The entire sequence of events had lasted perhaps three or four minutes from the start of Anakin and Padmé's conversation to the point where Anakin had released her from his choking grip. But those three or four minutes had lasted several lifetimes for Obi-Wan. He had seen so much, thought so much in that short space of time that it defied belief. He had seen the impossible twice. He had witnessed his best friend, the greatest Jedi Knight in the Order, perhaps the greatest in all the history of the Order as a pawn of the Sith, a monster twisted by the Dark Side. Then he had watched as the one thing that the Order had unequivocally forbidden him, the one thing that they in all their wisdom had said no Jedi could risk having because it might bring them nearer the Dark Side, had been the thing to bring his friend's mind and soul back towards the Light.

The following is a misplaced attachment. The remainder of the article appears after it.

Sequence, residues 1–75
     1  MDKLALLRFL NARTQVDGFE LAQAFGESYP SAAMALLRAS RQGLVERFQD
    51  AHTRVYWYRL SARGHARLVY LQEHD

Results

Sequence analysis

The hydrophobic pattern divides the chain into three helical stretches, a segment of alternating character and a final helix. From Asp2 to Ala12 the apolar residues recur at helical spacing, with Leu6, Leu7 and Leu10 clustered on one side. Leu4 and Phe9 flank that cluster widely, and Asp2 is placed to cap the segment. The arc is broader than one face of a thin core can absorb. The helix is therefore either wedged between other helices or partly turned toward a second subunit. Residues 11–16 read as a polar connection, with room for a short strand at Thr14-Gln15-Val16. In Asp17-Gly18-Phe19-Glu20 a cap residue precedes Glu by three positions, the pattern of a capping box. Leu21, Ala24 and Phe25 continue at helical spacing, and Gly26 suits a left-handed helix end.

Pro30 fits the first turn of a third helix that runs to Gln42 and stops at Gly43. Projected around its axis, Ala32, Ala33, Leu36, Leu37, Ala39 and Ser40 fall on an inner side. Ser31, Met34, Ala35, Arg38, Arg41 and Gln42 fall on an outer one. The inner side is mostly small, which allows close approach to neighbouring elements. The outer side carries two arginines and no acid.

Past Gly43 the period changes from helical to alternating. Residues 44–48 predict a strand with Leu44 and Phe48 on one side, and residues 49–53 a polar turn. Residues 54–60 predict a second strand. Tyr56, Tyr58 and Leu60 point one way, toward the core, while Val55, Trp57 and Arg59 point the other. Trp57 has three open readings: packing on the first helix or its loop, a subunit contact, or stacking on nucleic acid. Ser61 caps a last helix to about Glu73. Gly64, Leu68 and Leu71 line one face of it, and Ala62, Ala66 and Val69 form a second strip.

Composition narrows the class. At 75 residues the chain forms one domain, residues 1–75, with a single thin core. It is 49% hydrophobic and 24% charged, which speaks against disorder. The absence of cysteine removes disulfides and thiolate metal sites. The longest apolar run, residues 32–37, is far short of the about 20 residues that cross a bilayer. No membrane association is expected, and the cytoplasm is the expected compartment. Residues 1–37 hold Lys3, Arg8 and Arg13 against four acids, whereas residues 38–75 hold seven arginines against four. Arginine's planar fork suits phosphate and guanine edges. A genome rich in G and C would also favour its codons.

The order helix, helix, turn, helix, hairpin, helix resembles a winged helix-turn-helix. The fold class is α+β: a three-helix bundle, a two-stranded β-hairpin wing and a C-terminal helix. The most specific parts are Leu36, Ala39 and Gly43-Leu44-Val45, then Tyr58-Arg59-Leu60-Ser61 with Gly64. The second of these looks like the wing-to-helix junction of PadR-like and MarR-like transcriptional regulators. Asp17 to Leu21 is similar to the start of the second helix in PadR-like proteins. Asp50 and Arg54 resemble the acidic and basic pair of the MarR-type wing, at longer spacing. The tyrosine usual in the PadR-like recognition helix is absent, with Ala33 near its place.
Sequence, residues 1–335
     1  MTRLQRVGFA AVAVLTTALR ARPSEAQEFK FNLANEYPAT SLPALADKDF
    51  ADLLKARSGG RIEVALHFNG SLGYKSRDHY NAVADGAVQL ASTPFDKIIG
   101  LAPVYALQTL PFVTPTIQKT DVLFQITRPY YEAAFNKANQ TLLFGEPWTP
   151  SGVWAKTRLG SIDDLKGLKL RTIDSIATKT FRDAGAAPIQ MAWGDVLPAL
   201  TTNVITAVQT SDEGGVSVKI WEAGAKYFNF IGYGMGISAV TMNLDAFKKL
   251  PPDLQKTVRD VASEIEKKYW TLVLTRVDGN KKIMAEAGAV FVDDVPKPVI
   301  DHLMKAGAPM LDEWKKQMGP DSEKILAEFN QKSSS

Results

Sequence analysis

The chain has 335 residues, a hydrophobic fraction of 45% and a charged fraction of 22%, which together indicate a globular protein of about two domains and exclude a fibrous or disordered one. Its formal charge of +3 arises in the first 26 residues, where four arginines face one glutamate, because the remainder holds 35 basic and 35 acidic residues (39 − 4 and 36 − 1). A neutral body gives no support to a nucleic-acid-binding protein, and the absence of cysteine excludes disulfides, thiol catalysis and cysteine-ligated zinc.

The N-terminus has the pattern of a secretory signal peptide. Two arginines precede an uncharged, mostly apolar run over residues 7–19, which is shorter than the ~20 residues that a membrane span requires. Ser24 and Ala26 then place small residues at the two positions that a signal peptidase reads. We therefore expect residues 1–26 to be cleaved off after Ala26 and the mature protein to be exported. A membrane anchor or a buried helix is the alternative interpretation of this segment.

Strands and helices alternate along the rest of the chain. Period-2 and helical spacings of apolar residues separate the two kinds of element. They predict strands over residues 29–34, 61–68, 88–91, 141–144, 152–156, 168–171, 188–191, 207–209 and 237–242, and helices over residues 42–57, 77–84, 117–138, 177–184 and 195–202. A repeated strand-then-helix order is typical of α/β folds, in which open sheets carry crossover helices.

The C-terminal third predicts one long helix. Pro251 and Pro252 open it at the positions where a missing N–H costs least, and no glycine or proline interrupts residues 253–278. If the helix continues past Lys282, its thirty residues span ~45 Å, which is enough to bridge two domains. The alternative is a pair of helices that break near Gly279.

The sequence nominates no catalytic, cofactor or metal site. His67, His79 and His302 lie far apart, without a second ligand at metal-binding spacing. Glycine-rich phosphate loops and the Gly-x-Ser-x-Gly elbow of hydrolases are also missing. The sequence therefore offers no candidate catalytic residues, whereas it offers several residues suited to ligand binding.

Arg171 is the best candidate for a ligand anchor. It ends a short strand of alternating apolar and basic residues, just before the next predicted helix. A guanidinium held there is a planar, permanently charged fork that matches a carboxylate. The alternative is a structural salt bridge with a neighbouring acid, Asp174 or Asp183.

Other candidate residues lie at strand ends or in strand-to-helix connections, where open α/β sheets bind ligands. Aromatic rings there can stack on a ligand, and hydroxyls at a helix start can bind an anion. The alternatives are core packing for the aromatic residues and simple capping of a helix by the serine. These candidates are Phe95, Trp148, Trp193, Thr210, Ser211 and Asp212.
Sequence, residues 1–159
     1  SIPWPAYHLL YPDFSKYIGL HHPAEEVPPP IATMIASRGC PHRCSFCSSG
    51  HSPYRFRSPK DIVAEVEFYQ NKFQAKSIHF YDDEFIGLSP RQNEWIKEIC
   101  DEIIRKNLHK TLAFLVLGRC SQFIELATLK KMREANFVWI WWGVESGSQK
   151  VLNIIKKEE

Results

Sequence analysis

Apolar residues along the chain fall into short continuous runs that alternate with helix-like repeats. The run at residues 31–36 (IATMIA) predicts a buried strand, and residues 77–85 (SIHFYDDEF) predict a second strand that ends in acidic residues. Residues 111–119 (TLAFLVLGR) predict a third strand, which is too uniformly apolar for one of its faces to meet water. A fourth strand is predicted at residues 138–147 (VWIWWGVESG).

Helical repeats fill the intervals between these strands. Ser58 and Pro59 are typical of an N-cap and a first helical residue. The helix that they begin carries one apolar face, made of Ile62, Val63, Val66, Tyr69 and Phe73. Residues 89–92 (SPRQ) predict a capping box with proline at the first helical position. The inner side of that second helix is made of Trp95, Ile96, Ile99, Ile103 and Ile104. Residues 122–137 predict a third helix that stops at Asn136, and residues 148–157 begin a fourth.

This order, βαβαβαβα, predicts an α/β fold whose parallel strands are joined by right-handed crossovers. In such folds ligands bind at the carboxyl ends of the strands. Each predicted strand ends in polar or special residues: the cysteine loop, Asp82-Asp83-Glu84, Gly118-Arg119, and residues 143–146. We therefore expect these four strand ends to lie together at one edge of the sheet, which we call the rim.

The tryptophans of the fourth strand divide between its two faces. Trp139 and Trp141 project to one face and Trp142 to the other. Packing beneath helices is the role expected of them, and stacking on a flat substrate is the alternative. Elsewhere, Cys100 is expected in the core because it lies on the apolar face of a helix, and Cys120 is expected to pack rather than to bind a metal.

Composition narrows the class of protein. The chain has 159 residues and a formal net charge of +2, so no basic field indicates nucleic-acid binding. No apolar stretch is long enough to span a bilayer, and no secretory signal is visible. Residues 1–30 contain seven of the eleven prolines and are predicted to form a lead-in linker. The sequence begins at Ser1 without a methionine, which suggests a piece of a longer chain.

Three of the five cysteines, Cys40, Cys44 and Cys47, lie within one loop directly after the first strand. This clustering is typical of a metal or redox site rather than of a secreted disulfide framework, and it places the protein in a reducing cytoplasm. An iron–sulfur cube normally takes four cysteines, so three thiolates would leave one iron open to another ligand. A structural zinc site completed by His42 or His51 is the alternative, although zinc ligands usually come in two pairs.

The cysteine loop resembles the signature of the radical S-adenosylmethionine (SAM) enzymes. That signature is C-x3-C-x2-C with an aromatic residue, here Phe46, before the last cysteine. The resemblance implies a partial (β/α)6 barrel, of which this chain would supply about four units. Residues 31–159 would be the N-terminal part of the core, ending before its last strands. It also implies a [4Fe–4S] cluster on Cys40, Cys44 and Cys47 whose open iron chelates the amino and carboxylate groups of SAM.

Then Anakin too collapsed. Obi-Wan had feared then that something had happened to his friend. Some unseen attack, perhaps from Palpatine, to destroy Anakin rather than see him returned to the ranks of the Jedi. But hurrying over he was relieved to find Anakin still most definitely alive, though clearly distraught, sobbing over his wife's unconscious body. Crouching down he reached out with the Force, checking Padmé's condition. Her life force remained strong and bright, somewhat diminished by her recent ordeals, both physical and emotional, at the hands of her husband, but not in any danger of fading at that point. But his probing through the Force brought Anakin's attention back to him. Anakin looked up at him, and he looked into the shredded soul of a man who knew that he had done terrible things, things that should condemn him to death and eternal torment.

"Help her, master. Save her."